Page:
The International Rescue Committee: Federally Funded, but Working to Undermine Federal Policy

By Nayla Rush on November 5, 2019

The International Rescue Committee (IRC), a New York-based non-governmental organization mostly funded by the U.S. government, is an outspoken critic of the Trump administration's refugee and asylum policies and has been looking at ways to circumvent them. David Miliband, a former foreign secretary of the United Kingdom, has been the head of IRC since 2013. His annual salary in 2017 was over $900,000 (up $240,047, or 35.7 percent, from 2015). In 2017, almost 60 percent of IRC's funding came from the U.S. government.

CNN recently described how IRC was heading south to help asylum seekers who could not reach the United States because of this administration's new measures to limit asylum flows. IRC began providing assistance to asylum seekers "waiting under dangerous conditions" in Mexico, its spokesperson told CNN. Last year, it started providing "emergency cash relief and lifesaving information services in El Salvador to people fleeing violence" and plans on expanding this outreach to Guatemala and Honduras. IRC's director of immigration further explained how her organization is helping asylum seekers inside the United States by expanding its legal immigration program and adding lawyers who can provide direct representation in U.S. immigration courts.

IRC is one of nine "resettlement agencies" that work with, and are mostly funded by, the Department of State to resettle refugees inside the United States. IRC also acts as a resettlement support center (RSC), which is an overseas processing entity that collaborates with the State Department and is funded by it. RSCs conduct in-depth interviews with resettlement applicants, enter applicants' documentation into the Department of State's Worldwide Refugee Admission Processing System (WRAPS), and send the information necessary to conduct a background check to other U.S. agencies. So the same IRC that screens refugees abroad and helps them build a case to submit to U.S. officials for resettlement also gets paid per capita to receive and place them inside the United States. There is a clear conflict of interest here.

For a previous post on resettlement agencies, I looked at two things: The share of their budget coming from government funding and the salary of the head of the organization, using publically available Form 990 federal tax returns (some were from 2016, others 2015). Some services provided, and government funds received, by these organizations may be non-refugee-related. For this post, I updated IRC's figures using 2017 public records. The results are listed below.

  • Contributions and Grants: $711,075,998
  • Government grants (contributions): $422,902,511 (59.5 percent)
  • Compensation: David Miliband, Director/CEO/President:
    • Reportable compensation from the organization: $861,209
    • Estimated other compensation: $50,587
    • Total compensation: $911,796

For comparison, here are the 2015 figures:

  • Contributions and Grants: $730,809,685
  • Government grants (contributions): $493,570,089 (67.5 percent)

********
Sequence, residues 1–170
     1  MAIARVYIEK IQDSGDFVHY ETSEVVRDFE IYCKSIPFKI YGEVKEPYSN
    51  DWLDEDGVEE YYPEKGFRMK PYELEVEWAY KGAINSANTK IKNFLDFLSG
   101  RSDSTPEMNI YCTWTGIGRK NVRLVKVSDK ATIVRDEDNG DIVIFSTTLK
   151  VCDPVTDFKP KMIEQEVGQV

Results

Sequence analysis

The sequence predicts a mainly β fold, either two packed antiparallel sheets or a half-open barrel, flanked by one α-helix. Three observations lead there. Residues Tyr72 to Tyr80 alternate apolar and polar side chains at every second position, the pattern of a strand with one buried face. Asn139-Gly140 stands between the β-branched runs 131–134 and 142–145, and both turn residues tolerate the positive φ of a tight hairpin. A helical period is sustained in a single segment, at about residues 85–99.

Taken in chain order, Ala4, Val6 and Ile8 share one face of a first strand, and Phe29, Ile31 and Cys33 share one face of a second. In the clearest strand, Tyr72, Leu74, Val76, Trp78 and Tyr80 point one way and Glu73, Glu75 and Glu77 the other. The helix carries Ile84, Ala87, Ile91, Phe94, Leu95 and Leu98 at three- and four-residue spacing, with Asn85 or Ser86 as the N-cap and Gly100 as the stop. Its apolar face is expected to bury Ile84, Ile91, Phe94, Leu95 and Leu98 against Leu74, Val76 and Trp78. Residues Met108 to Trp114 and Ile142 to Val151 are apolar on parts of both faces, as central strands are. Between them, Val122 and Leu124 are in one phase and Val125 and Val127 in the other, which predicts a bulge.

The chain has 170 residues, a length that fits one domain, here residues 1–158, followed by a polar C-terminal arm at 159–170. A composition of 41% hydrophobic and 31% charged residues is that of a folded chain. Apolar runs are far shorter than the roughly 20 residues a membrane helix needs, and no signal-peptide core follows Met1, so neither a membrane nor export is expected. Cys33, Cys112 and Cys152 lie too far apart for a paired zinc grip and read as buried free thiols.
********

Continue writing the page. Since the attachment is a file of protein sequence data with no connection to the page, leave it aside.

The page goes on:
• Compensation: David Miliband, Director/CEO/President:
    • Reportable compensation from the organization: $671,749
    • Total compensation: $671,749

As mentioned above, Miliband and numerous members of his staff have been openly critical of President Trump's refugee and asylum policies. Here are a few examples (all emphases are added):

As early as January 2017, IRC called on its supporters to oppose the newly elected president's executive order on "Protecting the Nation from Foreign Terrorist Entry into the United States", deeming it "irresponsible, immoral and un-American":

Oppose President's Trump's ban on refugees. …These changes fly in the face of our country's best values of freedom, fairness and compassion. ... Slam the door on hate. Oppose President Trump's unjust refugee Executive Order. ... Take Action. Call your members of Congress.

A few months later, IRC issued a press release applauding the Fourth Circuit ruling on the travel ban:

We are very pleased that the 4th U.S. Circuit Court of Appeals refused to reinstate the Trump Administration's harmful order banning Muslims — including refugees — from seeking entry and protection in America, because it is blatantly unconstitutional. The courts have been key to preventing the enforcement of President Trump's hasty and harmful executive order.

More recently, Miliband called the asylum seeker crisis at the border "Trump's manufactured crisis". According to him, the U.S. government is "failing in its most basic responsibilities, never mind as a global leader but as a local example of how a civilized country should behave."

Meghan Lopez, country director for El Salvador at the IRC objected to the U.S.-El Salvador agreement (an agreement aimed at deterring the flow of migrants who want to come to the United States by requiring them to seek asylum in a Central American country instead):

The U.S. administration is attempting once more to turn its back on extremely vulnerable people. This is in contravention of America's laws, interests and values.

The U.S. government is funding an organization that is not only openly critical of its leadership and policies but is actively pushing to undermine them. Perhaps it is time for the Trump administration to reassess who will better serve its interests and is best deserving of taxpayers' money. As for IRC's leadership and moralizing calls to assist vulnerable people, the message would be more convincing if its personal gains were not so conspicuous. Charity, after all, begins at home.